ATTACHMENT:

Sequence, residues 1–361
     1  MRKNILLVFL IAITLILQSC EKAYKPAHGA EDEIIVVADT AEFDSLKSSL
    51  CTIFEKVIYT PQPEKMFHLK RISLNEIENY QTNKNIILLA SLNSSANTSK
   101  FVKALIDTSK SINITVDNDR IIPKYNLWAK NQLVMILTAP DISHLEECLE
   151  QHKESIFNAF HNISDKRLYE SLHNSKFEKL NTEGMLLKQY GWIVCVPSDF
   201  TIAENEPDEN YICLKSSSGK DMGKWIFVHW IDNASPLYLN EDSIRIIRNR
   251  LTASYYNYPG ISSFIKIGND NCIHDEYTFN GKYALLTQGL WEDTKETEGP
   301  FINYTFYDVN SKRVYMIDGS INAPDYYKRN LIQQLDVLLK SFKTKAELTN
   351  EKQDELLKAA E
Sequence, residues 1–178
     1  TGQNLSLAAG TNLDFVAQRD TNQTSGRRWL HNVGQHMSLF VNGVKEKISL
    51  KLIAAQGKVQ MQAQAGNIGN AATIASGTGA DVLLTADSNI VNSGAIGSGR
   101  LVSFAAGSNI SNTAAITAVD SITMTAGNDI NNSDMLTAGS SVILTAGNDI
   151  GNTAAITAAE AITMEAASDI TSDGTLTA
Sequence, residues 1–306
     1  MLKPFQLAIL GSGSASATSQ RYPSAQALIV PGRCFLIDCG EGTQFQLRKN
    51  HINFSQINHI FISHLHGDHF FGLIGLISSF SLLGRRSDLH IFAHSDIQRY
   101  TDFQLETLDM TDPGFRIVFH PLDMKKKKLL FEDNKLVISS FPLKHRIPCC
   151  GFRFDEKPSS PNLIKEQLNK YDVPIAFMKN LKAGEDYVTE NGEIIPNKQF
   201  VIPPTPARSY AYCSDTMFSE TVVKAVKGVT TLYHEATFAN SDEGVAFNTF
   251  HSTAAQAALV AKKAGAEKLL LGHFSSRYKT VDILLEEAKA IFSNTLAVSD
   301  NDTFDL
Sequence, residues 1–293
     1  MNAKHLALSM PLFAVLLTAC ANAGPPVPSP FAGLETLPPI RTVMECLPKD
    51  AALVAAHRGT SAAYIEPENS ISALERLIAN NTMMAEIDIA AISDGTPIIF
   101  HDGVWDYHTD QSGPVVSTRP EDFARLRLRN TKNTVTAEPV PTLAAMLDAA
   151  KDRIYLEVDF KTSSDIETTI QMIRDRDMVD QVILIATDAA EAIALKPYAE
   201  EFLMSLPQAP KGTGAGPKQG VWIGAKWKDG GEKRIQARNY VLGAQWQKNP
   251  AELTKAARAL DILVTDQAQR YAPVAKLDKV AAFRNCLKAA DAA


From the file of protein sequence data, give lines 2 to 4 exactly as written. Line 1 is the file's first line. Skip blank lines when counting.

     1  MRKNILLVFL IAITLILQSC EKAYKPAHGA EDEIIVVADT AEFDSLKSSL
    51  CTIFEKVIYT PQPEKMFHLK RISLNEIENY QTNKNIILLA SLNSSANTSK
   101  FVKALIDTSK SINITVDNDR IIPKYNLWAK NQLVMILTAP DISHLEECLE